GDPR or General Data Protection Regulation is a new set of rules designed to protect the data of people living in the European Union. It will drastically change how organisations can collect, store, process, and share the information of consumers.
The GDPR will supersede all current data protection regulations of countries in the EU — creating a single standard that all European organisations must adhere to. It will require most organisations to make significant changes to how they handle and secure user data. If your organisation does not comply with the GDPR by the 25th of May, 2018, you may face some serious fines.
This guide will share some information about why the GDPR was created, what its principles are and how your organisation should prepare for it.
What is the purpose of the GDPR?
Rapidly evolving technologies have changed how information is collected, stored, processed, and shared. It is now easy for an organisation to collect and store huge amounts of data. They can then process this data to obtain useful knowledge about members of the public.
Some organisations use the information they have collected inappropriately, selling it to other organisations without the user’s permission or processing it to obtain more information about the user. A great deal of confidential user information has also been stolen or leaked online as a result of organisations being hacked.
This has led to many consumers losing trust in the ability of organisations to handle their data appropriately. The GDPR has been created to restore consumer trust and give individuals more control over their data. It will also hold organisations more accountable for data protection.
The GDPR provides a standardised set of rules for businesses and organisations handling data obtained from EU citizens. This will make it easier for organisations to understand their obligations as they won’t have to deal with different regulations from many EU countries.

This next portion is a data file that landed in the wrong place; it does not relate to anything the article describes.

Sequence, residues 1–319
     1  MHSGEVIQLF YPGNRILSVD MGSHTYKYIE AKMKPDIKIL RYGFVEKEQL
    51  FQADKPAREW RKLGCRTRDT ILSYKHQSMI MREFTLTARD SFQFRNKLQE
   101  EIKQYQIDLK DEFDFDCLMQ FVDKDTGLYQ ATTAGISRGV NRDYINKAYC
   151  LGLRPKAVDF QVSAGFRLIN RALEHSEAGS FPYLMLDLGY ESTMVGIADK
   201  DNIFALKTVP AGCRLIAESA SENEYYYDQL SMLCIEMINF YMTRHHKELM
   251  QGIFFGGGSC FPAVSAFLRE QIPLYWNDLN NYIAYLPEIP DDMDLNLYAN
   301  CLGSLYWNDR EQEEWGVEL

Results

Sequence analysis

In the UK, the GDPR will work in conjunction with the Data Protection Act 1998 (DPA). It will be used to bring UK data protection laws in line with those in other EU countries. Even though the UK is set to leave the EU in 2019, it is expected that the GDPR will remain in place. The GDPR commences on the 25th of May 2018 and replaces EU directive 95/46/EC (EU Data Protection Directive).
Who does the GDPR apply to?
All EU organisations must abide by the rules spelt out in the GDPR. That includes businesses, charities, and government organisations. Organisations that reside outside of the EU but work with the data of EU citizens will also have to follow the GDPR.
Any service provider that handles the data of EU citizens will also use the standard. That includes Cloud storage providers, email marketing companies, analytics companies and so on.
Important GDPR terminology